How do you prepare for a night shift? How do you recover from one?
Preparation: I am still tinkering with the optimal approach to night shifts. With 4 kids, I basically cannot sleep in the day of the night shift. So if I stay up late the night before, to induce a phase delay, I will start that day with sleep debt, which helps for the afternoon or evening nap before my shift. I usually try to get plenty of sleep and have coffee until noon. Then I’ll take an evening nap ending at least an hour before my shift begins, to overcome sleep inertia.
Recovery: My main goal is to obtain as much sleep as possible. However, I have found that if I can stay awake for a few hours after the shift, and take a short nap in the afternoon, I feel more lucid and can fall asleep better that night.
How do you avoid getting “hangry” (angry due to hunger) on shift?
This is where I feel I possess a secret to success. I usually do not eat during a shift. I am a big believer in intermittent fasting: 14-18 hours a day with nothing but water and coffee (with cream and coconut oil). After a couple of weeks one can achieve “ketoadaptation” – the body can use its almost infinite reserves of fatty acids and ketones for fuel. I no longer nod off while charting at the computer as the sandwich I ate carries me into a postprandial stupor. I almost forget about eating and feel a focused composure throughout the shift. If I must eat on shift, I go for low carb snacks to avoid the glucose-insulin rollercoaster.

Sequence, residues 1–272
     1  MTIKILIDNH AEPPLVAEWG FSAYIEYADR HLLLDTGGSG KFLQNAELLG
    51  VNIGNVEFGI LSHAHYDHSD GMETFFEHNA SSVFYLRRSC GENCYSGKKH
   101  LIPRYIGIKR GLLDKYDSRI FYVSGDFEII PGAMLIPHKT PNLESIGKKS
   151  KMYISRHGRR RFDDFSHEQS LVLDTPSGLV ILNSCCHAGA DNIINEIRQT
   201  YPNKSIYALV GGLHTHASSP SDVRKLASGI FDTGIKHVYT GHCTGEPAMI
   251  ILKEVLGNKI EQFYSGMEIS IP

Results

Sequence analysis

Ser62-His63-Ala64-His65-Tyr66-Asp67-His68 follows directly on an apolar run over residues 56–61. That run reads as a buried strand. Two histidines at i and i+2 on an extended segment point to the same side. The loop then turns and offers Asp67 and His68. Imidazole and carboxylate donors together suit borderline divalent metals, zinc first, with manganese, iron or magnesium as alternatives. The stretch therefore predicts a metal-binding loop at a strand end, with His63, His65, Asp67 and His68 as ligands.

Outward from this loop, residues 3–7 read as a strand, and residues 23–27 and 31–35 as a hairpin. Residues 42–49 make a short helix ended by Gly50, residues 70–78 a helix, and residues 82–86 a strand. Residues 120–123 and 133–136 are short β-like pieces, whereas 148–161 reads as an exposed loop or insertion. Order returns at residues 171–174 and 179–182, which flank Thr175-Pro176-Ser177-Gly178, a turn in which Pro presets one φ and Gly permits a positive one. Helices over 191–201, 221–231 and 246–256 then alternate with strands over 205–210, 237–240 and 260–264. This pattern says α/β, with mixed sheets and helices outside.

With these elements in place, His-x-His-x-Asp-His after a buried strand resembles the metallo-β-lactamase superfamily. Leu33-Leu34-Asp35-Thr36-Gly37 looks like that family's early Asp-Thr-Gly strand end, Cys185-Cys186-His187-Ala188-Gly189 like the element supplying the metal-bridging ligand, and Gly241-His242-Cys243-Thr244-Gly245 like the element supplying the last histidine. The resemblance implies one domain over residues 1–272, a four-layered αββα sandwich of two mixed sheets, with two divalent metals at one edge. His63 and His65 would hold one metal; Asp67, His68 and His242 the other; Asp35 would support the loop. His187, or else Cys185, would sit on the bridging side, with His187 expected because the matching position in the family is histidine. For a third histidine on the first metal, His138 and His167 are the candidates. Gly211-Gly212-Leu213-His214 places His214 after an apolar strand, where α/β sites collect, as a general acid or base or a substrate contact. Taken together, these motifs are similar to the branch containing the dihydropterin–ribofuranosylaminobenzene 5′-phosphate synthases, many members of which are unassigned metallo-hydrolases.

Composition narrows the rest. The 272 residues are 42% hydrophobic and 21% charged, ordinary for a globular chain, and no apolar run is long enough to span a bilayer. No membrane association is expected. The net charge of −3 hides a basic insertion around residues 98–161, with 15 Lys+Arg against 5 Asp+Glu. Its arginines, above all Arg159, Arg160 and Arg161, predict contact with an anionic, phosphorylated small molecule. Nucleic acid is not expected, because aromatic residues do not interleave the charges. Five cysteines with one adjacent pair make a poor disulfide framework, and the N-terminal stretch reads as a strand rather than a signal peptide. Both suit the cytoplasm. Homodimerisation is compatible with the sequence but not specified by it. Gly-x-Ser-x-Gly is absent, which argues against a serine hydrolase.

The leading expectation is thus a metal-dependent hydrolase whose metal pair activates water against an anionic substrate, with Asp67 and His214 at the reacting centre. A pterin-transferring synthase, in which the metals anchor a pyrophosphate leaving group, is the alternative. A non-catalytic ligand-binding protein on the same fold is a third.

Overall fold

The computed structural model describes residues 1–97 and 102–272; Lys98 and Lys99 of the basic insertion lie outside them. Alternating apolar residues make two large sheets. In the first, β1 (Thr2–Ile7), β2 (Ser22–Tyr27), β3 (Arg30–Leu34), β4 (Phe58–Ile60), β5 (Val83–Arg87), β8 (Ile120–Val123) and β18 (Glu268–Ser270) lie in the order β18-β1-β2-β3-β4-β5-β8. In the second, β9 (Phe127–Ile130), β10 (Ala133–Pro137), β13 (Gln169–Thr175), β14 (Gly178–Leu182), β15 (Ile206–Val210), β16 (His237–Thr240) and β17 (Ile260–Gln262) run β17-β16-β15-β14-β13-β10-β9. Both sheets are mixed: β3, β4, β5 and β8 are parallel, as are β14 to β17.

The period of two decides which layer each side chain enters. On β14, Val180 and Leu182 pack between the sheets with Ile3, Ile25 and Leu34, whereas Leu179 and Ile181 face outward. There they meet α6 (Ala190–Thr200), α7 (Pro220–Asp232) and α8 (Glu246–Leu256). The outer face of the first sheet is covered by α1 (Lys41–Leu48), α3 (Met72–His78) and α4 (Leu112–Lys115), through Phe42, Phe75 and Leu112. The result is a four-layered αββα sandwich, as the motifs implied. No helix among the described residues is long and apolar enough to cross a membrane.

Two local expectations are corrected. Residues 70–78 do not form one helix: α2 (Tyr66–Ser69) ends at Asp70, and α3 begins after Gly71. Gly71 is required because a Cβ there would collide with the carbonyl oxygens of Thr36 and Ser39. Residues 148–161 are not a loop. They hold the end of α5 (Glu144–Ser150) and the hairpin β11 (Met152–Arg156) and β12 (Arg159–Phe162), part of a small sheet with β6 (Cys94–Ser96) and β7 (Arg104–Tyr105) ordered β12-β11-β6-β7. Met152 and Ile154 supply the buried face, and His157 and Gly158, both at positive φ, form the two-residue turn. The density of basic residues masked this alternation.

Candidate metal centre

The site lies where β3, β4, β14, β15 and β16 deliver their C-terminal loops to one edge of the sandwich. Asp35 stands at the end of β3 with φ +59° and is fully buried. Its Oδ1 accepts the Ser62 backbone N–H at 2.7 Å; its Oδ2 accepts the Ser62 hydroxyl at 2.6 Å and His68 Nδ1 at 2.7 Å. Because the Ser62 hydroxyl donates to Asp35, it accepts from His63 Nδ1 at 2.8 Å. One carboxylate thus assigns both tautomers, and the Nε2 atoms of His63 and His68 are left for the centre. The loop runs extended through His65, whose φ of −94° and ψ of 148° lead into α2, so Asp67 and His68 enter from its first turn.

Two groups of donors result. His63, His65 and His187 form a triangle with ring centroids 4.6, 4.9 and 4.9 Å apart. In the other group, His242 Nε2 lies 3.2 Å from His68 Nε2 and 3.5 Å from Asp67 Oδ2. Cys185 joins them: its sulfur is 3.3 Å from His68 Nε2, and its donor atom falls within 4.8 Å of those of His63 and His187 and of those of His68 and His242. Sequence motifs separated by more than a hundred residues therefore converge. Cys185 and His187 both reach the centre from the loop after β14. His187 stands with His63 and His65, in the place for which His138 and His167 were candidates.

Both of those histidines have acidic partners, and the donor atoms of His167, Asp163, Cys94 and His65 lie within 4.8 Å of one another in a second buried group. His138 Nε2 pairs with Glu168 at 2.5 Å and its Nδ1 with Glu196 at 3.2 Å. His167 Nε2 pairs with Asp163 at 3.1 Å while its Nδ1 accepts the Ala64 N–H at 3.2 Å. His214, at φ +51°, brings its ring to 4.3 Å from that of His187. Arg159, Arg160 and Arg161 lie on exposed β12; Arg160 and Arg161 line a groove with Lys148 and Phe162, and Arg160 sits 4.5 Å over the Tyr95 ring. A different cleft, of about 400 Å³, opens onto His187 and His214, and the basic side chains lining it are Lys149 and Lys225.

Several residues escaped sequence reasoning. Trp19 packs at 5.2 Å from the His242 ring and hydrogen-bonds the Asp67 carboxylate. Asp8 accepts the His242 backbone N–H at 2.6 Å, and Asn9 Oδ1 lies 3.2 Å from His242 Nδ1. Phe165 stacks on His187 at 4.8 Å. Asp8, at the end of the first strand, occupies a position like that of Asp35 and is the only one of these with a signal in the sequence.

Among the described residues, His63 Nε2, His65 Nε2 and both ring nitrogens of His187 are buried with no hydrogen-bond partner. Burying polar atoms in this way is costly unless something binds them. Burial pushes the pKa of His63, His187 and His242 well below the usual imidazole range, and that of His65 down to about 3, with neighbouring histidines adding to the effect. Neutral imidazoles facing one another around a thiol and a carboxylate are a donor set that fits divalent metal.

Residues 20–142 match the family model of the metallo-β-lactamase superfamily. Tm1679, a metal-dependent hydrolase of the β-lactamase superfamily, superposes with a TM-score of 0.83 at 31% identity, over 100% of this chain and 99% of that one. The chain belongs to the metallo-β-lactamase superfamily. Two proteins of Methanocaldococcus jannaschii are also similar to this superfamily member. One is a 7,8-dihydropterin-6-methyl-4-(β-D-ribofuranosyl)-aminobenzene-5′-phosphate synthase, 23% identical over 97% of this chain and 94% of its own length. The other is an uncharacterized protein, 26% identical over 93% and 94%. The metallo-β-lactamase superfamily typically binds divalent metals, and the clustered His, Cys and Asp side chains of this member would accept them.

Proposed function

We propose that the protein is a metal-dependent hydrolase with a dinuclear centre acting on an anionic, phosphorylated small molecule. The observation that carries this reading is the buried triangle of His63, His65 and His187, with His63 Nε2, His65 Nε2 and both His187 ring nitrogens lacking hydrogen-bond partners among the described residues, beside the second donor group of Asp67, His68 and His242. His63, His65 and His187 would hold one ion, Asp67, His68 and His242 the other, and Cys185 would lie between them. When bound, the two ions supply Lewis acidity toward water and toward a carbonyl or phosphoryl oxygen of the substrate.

How do you ensure you are mentally in check?
Keeping a balance of priorities in life should keep one poised for the challenges we face at work. The ideal emergency physician remains completely tranquil in the storm of the ER. I try to remain as rational as possible. When I feel stress brewing, frustration with a patient, or contempt for a consultant, I use the stoic technique of detaching and analyzing those emotions and physiologic phenomena to bring my mind back into focus.
I also believe in stress inoculation. We thrive on adversity. Walk the dog barefoot in the winter, go long hours without food, exercise intensely, read complicated books, or if you are really brave help your daughter with high school math! Then you’ll stay mentally in check when a stressful shift tries to undo you.
What are the biggest challenges you face in maintaining a longstanding career in EM? How do you address these challenges?
A major challenge is of course balancing work and home life. We all face this.
I am now realizing the challenge of balancing academics with clinical duties. I’ll cover the ED for a night shift, see numerous sick patients, sleep and recover from the brain fog the next day, and then realize how much work has piled up on the research and resident education front. This is a wonderful dilemma to face and from the start I intended to go into academics to contribute something to our specialty.
A challenge we take for granted is the fight to preserve the integrity of emergency medicine. The EM pioneers fought this in the 70s and 80s and now with the profit-driven, corporate healthcare environment we might fight that battle again. All young ER docs should learn the history of our specialty to guarantee a viable future.
For me, addressing these challenges is straightforward. Care about the wellbeing of your patients and residents. Work hard on projects that are meaningful to you. Take care of yourself and your family. Have fun.
Best advice you have received for maintaining health?
From Dr. Dan Danzl: “Don’t schedule anything the day after a night shift.” I used to think I was too young and resilient to follow this advice. Nope, it is pure gold.
Who would you love for us to track down to answer these questions?